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How Does ATC Work In Korea (Inchon ACC)?  
User currently offlineRyu2 From Taiwan, joined Aug 2002, 493 posts, RR: 0
Posted (11 years 11 months 4 weeks 1 day 4 hours ago) and read 6664 times:

I flew UA ICN-NRT today, and was listening to 'Channel 9', the ATC feature. I noticed that on our frequency, we only had non-Korean flights, and Inchon control pointed out 'traffic' in our vicinity, which I did not hear transmitting on our frequency.

Since I saw several Korean Air and Asiana aircraft depart ICN about the same time we did headed to Japan as well, I assume they must be in the air as well -- do the Korean planes use a different frequency with a Korean speaking controller, and foreign planes speak on a English frequency? And the controller points out the traffic, which are the Korean or Asiana planes? I notice that the Korean planes spoke Korean with ICN ground, unlike say, Japan, where all planes, even Japanese planes, speak English.

Is that assumption of dual languages/frequencies correct? If this is how it works, is that a safety problem?

16 replies: All unread, jump to last
 
User currently offlineEjazz From United Arab Emirates, joined May 2002, 722 posts, RR: 34
Reply 1, posted (11 years 11 months 4 weeks 1 day 3 hours ago) and read 6635 times:

There are no seperate frequencies for seperate languages at ICN. Everyone should be using english but this is usually not the case at ICN.


Etihad Girl, You're a great way to fly.
User currently offlineRyu2 From Taiwan, joined Aug 2002, 493 posts, RR: 0
Reply 2, posted (11 years 11 months 3 weeks 1 day 23 hours ago) and read 6572 times:

So, do they have a formal English only rule in Korea which is not enforced? Or is English just a "recommendation"?

I heard that when Air France tried to get their pilots to speak English in France instead of French, they nearly revolted... wonder how the situation is in Korea?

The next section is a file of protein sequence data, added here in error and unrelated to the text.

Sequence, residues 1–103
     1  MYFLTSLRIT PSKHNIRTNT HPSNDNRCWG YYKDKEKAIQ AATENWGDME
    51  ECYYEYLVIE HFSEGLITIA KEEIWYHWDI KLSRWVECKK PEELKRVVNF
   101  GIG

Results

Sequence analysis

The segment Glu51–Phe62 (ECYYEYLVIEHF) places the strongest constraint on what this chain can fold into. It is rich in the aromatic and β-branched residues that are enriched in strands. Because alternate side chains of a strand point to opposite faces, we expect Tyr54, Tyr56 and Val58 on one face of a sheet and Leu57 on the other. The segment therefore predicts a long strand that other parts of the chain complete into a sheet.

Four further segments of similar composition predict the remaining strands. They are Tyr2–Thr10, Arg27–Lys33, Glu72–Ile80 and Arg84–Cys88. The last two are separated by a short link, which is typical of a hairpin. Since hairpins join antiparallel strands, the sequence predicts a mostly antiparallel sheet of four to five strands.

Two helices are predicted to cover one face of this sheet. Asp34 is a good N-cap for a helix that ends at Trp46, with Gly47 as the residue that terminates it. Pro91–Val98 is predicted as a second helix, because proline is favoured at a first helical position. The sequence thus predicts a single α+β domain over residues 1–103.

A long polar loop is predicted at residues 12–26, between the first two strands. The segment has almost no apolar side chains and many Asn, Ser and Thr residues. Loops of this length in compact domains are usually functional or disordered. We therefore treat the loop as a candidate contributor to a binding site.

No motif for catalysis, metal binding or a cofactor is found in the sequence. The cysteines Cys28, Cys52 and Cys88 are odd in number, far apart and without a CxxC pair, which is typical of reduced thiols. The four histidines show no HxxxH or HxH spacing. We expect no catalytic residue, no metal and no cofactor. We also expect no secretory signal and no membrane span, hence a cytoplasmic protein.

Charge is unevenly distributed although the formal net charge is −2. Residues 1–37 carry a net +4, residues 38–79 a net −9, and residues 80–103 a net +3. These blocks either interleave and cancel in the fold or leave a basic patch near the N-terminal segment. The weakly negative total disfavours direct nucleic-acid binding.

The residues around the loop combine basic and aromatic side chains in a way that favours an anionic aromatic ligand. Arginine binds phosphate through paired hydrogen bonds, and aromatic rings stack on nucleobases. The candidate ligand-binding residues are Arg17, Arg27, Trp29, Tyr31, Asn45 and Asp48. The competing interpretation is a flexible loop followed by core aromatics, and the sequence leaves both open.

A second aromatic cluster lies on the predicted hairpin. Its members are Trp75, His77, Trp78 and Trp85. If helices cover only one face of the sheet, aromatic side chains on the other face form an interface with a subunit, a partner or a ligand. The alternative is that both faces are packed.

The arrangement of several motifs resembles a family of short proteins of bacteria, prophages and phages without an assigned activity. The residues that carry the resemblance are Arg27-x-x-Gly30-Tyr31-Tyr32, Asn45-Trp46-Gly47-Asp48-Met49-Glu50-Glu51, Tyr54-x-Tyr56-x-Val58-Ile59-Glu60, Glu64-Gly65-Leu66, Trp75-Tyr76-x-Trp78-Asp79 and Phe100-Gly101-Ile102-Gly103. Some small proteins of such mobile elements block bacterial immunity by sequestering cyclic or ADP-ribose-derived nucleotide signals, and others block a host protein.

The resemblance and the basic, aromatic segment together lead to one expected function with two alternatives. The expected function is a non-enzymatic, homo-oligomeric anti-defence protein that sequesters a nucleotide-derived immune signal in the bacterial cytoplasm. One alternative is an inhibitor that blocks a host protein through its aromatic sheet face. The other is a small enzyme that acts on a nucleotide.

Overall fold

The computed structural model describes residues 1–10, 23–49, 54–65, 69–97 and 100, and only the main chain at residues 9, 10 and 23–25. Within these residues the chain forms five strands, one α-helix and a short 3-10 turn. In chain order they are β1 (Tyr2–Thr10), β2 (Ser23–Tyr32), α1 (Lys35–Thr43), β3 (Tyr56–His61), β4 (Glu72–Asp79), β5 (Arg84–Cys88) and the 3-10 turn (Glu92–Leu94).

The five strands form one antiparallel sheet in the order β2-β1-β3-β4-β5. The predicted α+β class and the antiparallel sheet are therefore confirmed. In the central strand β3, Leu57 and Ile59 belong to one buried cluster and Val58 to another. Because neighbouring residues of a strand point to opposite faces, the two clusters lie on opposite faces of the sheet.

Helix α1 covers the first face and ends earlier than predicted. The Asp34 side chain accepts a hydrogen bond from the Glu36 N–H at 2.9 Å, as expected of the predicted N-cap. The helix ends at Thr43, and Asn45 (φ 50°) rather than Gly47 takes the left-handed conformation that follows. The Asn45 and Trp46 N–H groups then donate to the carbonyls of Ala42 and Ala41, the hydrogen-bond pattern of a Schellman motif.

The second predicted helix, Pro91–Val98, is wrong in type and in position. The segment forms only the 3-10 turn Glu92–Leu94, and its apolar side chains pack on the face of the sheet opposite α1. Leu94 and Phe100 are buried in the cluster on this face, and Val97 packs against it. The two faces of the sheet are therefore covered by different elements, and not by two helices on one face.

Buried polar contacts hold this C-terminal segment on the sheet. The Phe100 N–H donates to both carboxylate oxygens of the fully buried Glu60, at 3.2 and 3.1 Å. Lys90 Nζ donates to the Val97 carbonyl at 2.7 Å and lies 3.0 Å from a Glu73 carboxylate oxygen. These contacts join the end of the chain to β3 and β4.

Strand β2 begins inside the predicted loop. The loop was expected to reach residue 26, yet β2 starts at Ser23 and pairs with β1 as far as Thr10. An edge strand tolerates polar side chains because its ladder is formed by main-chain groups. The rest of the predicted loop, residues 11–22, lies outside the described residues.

User currently offlineCx flyboy From Hong Kong, joined Dec 1999, 6605 posts, RR: 55
Reply 3, posted (11 years 11 months 3 weeks 1 day 21 hours ago) and read 6549 times:

Shanghai is close by, and they are either using the same frequency, or there is a lot of breakthrough, because I can normally hear Chinese spoken on the frequency.

User currently offlineDispatcher From United States of America, joined Jun 1999, 254 posts, RR: 5
Reply 4, posted (11 years 11 months 3 weeks 1 day 20 hours ago) and read 6537 times:

I also heard the ROKAF flies with impunity, taking responsibility for seperation upon themselves. Maybe that is the traffic they are calling out.

User currently offlineKAL_LM From United States of America, joined Jun 2001, 497 posts, RR: 0
Reply 5, posted (11 years 11 months 3 weeks 1 day 18 hours ago) and read 6533 times:

I've had this discussion with several of the pilots that come through here and technically, English is to be used, and usually is. ALthough I do know thatthe Korean crews do talk to ground ops in Korean and may also talk to ATC that way. But techincally it should be English.

regards,
Tom



is that a light at the end of the tunnel or just a train?
User currently offlineRyu2 From Taiwan, joined Aug 2002, 493 posts, RR: 0
Reply 6, posted (11 years 11 months 3 weeks 1 day 18 hours ago) and read 6534 times:

KAL_LM, that's interesting to hear about Korean planes speaking English in Korea.

From listening to UA Channel 9, it's also the case in Japan that English is to be used, even by Japanese planes. But in China's airspace, all the Chinese airlines speak Chinese (Mandarin), so English only is obviously not the case for all countries. Perhaps the English rule may be due to US military traffic and US military controlled ATC zones in Japan and Korea, maybe?


User currently offlineB777av8r From Canada, joined Sep 2001, 31 posts, RR: 0
Reply 7, posted (11 years 11 months 3 weeks 1 day 11 hours ago) and read 6518 times:

The ATC at RKSI (ICN) is very good. English is the language that is used and NO, the local pilots don't have their own frequencies to use.

User currently offlineTsentsan From Singapore, joined Jan 2002, 2016 posts, RR: 15
Reply 8, posted (11 years 11 months 3 weeks 1 day 10 hours ago) and read 6502 times:

I reckon if you've heard China Southern / China Eastern and gang transmit on ATC, you'd be more comfortable with them heeding to instructions in Mandarin once they're in China...